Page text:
I just finished reading What Are You Afraid Of?, a book about teenagers with strange and - what the author claimed as - "strange" phobias. The book was clearly written for teenagers and came off a bit too preachy and heavy handed for my taste. It was almost like the author(s) were saying, "Look at this wacko that is scared of getting fat. That could be YOU, young lady if you don't stop exercising so much!"
Anyhow, while reading this atrocity, I was reminded of all of my neurotic, perplexing phobias. I thought of many (including my hypochondriac insanity and my unnerving and prejudice fear of midgets), however, I have chosen to write about just one; the one that may actually kill me.
Above our bed there is a ceiling fan. We hate each other like Tom and Jerry, which is strange because I essentially gave birth to the wretched thing. I picked it out of a Walmart lineup like it was the cutest in a line of ugly orphans. I hired the guy to come hook it up. I personally watched the guy stand on my bed and screw it into the ceiling. The ceiling fan is alive because of me! And yet it hates me. Perhaps it has a ceiling fan Daddy complex?
It started with a jerk - more of a shake or a shimmy, but that $25 piece of crap started moving on me. It startled me the first time it happened. It wasn't much, but it scared me enough to give me nightmares that night.
In my dream, the light bulb of the ceiling fan becomes a sharp, jagged mouth. It began laughing at me, a demented precursor to what would happen next. The ceiling fan then began to shake loose, it's arms becoming short, stubby human arms. It finally freed itself, flung through the air and decapitated me with one slice. As my head fell to the floor, I could see my limp body lying above me while the ceiling fan continued to laugh and then look for my wife.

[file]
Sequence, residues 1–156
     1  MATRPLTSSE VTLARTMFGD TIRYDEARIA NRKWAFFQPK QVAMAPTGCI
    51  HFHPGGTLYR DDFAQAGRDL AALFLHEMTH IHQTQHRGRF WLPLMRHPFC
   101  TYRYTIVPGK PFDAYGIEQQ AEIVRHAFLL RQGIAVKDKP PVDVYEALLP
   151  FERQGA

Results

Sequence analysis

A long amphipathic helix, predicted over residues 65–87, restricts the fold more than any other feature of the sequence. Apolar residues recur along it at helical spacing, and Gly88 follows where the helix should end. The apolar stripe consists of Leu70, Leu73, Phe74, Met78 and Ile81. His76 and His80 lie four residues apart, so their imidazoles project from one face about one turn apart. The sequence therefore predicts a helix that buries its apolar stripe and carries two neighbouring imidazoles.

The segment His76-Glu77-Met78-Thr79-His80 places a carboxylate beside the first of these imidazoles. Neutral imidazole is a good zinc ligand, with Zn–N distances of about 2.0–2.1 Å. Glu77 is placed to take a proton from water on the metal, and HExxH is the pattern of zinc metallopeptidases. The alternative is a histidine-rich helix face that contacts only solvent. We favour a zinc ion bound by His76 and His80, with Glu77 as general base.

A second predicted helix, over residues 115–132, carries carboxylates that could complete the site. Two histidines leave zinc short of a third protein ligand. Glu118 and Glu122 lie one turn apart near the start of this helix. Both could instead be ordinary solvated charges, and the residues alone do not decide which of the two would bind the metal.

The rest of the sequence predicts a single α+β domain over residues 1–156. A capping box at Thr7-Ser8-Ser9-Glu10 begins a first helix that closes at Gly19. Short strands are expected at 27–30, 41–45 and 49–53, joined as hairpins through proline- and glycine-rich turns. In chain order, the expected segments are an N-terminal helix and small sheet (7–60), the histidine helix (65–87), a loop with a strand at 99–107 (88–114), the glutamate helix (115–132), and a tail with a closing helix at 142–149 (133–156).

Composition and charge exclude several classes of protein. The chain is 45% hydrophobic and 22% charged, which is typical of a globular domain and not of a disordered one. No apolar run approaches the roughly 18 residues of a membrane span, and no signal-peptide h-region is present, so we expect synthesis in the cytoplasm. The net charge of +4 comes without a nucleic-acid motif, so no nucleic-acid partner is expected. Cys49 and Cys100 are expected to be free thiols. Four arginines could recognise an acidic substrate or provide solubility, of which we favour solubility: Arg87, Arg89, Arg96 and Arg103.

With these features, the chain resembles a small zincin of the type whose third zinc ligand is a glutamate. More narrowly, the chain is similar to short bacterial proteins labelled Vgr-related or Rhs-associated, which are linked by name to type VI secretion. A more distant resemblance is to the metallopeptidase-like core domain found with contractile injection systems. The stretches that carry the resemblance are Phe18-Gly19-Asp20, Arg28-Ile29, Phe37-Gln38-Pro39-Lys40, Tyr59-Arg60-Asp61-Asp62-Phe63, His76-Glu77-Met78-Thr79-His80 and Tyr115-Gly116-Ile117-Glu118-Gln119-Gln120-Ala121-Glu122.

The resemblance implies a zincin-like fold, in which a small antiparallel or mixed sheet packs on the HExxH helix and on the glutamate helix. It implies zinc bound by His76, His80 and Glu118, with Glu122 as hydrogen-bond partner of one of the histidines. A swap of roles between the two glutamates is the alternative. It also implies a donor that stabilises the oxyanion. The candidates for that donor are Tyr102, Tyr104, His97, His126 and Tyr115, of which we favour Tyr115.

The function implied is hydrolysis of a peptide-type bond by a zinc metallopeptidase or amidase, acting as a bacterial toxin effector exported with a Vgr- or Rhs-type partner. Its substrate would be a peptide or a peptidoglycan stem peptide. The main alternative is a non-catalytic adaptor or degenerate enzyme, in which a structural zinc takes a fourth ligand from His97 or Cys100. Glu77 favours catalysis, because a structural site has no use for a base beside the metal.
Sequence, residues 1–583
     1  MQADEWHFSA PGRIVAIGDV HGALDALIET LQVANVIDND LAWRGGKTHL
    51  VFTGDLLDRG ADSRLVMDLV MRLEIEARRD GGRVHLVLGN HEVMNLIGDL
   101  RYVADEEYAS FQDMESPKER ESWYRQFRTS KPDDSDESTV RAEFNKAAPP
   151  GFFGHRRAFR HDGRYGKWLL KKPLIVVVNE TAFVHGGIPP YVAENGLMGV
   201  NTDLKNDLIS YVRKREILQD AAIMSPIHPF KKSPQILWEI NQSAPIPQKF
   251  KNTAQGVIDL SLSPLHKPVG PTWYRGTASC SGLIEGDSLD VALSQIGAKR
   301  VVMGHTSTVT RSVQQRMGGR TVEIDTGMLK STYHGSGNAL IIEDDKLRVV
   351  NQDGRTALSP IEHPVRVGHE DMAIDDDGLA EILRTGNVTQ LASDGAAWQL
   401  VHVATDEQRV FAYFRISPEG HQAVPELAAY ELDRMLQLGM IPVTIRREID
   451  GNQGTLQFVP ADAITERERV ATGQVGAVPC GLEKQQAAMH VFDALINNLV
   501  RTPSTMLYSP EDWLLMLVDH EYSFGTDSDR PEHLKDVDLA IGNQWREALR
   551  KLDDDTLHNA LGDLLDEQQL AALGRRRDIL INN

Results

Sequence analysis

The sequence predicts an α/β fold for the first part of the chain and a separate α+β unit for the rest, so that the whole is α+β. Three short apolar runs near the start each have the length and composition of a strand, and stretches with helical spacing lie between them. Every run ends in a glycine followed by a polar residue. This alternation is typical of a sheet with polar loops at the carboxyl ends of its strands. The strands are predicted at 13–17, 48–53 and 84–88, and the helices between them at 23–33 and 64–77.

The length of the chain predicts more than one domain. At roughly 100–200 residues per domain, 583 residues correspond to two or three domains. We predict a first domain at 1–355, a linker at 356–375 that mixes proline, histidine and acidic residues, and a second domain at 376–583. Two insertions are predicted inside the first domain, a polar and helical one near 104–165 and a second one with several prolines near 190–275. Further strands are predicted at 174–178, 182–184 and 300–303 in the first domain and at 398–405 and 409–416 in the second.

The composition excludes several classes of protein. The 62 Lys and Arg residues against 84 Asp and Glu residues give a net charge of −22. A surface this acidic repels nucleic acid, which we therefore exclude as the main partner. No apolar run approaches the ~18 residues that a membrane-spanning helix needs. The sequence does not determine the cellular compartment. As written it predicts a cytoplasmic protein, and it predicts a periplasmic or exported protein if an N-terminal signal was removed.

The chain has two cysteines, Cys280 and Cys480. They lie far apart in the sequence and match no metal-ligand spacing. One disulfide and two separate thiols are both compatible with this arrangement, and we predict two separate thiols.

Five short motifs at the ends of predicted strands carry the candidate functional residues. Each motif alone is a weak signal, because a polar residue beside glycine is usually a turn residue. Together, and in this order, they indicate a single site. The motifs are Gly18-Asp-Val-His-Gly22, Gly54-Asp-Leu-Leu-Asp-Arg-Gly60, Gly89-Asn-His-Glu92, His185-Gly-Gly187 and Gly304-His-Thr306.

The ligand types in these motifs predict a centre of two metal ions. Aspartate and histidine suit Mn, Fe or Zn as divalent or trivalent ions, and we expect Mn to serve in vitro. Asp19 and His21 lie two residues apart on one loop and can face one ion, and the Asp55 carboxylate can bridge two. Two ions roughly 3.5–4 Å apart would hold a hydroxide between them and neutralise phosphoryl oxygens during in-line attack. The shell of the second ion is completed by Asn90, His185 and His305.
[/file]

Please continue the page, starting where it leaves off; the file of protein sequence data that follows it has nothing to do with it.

That was 2006. From that night on, I have been downright petrified of that slimy fan. Some nights I just lie on my back and curse at the thing. I know that it is just waiting to fall, terrorizing and humiliating me until I weep like a willow or some other crying topiary.
My fear is confounded by one truth: if that thing ever falls, it won't be on my head. I have done some measurements and it is much more likely to land in my lap, folding me over in excruciating pain and limiting my ability to reproduce forever. I have spent many wakeful nights, tossing and turning as the fan seems to get louder and louder, taunting me until finally I move to the couch.
I hate the blasted thing. The entire saga has given me one more life lesson: Always spend more than twenty five bucks on a ceiling fan.